The FHMIA By-Laws state one of our purposes to be “to actively participate in neighborhood and related townwide matters which concern the well-being of the membership”. Accordingly, members of the FHMIA Board of Directors watched the Town Meeting discussions of Articles 24 & 25 which have been combined to form Question #1 on the upcoming ballot (sewering of Little Pond area and more) and also attended a recent meeting of the Question #1 Committee. The Board voted at its recent quarterly meeting to support a Yes vote on this ballot question and have asked the Committee to quote us as Board support and not full membership support as our Annual Meeting takes place after the Town vote.
You can find the Town Meeting articles and votes for Articles 24 and 25 at http://www.falmouthmass.us/deppage.php?number=282.
If you vote in Falmouth, we encourage you vote on May 21.
If you want to support this issue, the Committee says “you can support our efforts to get out the vote for Question 1 by:
a) talking to friends and neighbors about voting on May 21;
b) posting one of our signs in an appropriate place; and/or
c) by contributing to the “Committee for Question One.”
We already have the signs, but need money to send postcards to frequent voters in Falmouth and place ads in the Enterprise.
Contributions can be sent to Paul Ketchum, 31 Moorland Road, Falmouth, MA 02540. Make checks payable to “Committee for Question One.”
Letters to the Editor of the Enterprise should be emailed to the Editor, Bill Hough, at firstname.lastname@example.org
If you would like to put a YES sign on your lawn, please email Barry Balan at email@example.com
- FACT SHEET ON QUESTION 1
Reduce Nitrogen Pollution in Our Estuaries (from Article 24)
WHAT DOES QUESTION 1 DO? This question allows the town to borrow $5.6 million for design and permitting projects to reduce nitrogen pollution: an inlet widening project at Bourne’s Pond, a wastewater collection project in the Maravista and Falmouth Heights areas adjacent to Little Pond, and needed upgrades at the town Wastewater Treatment Plant.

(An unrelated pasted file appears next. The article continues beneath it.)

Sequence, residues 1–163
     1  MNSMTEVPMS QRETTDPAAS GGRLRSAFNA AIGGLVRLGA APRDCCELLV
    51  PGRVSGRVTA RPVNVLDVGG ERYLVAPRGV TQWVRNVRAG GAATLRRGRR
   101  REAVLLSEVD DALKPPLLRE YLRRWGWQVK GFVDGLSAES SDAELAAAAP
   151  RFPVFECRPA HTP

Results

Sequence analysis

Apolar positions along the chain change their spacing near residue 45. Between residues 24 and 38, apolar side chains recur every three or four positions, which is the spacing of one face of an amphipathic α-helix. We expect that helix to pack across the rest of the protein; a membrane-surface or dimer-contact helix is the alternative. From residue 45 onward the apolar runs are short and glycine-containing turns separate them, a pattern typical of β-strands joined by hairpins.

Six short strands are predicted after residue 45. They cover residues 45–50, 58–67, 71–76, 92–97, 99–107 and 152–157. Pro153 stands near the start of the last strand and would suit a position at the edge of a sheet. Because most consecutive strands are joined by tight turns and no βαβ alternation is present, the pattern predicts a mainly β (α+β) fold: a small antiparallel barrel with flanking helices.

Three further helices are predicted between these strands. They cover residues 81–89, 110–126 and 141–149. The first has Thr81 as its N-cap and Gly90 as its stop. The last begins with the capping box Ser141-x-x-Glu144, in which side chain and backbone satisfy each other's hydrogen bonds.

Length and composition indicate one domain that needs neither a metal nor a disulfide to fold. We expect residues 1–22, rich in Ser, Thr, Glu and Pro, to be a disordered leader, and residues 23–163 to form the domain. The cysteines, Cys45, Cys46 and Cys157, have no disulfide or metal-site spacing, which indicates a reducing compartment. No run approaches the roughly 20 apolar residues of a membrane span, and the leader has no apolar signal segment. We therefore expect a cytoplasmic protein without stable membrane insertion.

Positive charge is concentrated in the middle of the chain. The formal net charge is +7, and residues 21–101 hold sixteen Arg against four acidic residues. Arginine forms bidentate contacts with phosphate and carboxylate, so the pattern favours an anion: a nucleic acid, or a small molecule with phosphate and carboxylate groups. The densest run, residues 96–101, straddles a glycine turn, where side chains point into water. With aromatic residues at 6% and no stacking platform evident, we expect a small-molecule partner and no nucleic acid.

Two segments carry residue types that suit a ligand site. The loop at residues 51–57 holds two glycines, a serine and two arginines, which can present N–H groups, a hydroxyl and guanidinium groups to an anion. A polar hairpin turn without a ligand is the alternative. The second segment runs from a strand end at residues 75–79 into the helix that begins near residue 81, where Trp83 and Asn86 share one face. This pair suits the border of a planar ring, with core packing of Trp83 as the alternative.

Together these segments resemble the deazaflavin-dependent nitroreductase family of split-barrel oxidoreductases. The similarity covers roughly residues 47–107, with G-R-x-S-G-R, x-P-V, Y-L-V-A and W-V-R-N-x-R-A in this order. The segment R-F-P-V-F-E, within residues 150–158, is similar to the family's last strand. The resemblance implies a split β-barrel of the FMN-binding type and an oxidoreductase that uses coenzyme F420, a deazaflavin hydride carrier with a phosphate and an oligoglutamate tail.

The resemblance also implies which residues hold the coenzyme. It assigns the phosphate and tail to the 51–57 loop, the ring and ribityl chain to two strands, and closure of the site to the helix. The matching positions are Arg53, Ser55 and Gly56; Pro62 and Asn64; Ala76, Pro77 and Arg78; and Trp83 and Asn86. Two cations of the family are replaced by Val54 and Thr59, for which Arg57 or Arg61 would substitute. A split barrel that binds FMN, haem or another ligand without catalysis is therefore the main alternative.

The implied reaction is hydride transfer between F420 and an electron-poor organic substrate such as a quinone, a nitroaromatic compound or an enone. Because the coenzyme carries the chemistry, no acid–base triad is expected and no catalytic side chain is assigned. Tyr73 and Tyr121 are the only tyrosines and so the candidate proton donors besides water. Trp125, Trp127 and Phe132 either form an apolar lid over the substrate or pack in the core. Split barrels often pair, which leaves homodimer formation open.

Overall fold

HOW WILL IT BE PAID FOR? The town’s financial manager and the Finance Committee have confirmed that this can be done with NO INCREASE in the property tax rate, by substituting new debt for expiring old debt – the so-called “window of opportunity” the town has used in the past to fund major capital projects.
WHO MAKES THE DECISION? Voters must approve Question 1 in the May 21 town election.
WHAT ABOUT ALTERNATIVES? Thanks to a unanimous Town Meeting vote in 2011, Falmouth is leading the way on Cape Cod in testing alternative ways to reduce the nitrogen coming from septic systems that is the main cause of the degradation of our estuaries. We hope that some of these will prove to be cost effective, community acceptable ways of addressing the problem in some of our estuaries instead of sewering.
WHY SEWERING IN LITTLE POND? Little Pond is the most degraded of all the town’s estuaries. Its watershed is the most densely developed part of town, with hundreds of very small lots, many still with cesspools, where failed systems cannot meet Title V standards. It was included as “Phase 2” of the town’s sewer plan thirty years ago, so the existing pipes, pump stations, and treatment plant all were built with the capacity to take wastewater flow from this area. Environmentally and financially, connecting this area to the town’s sewer system makes sense.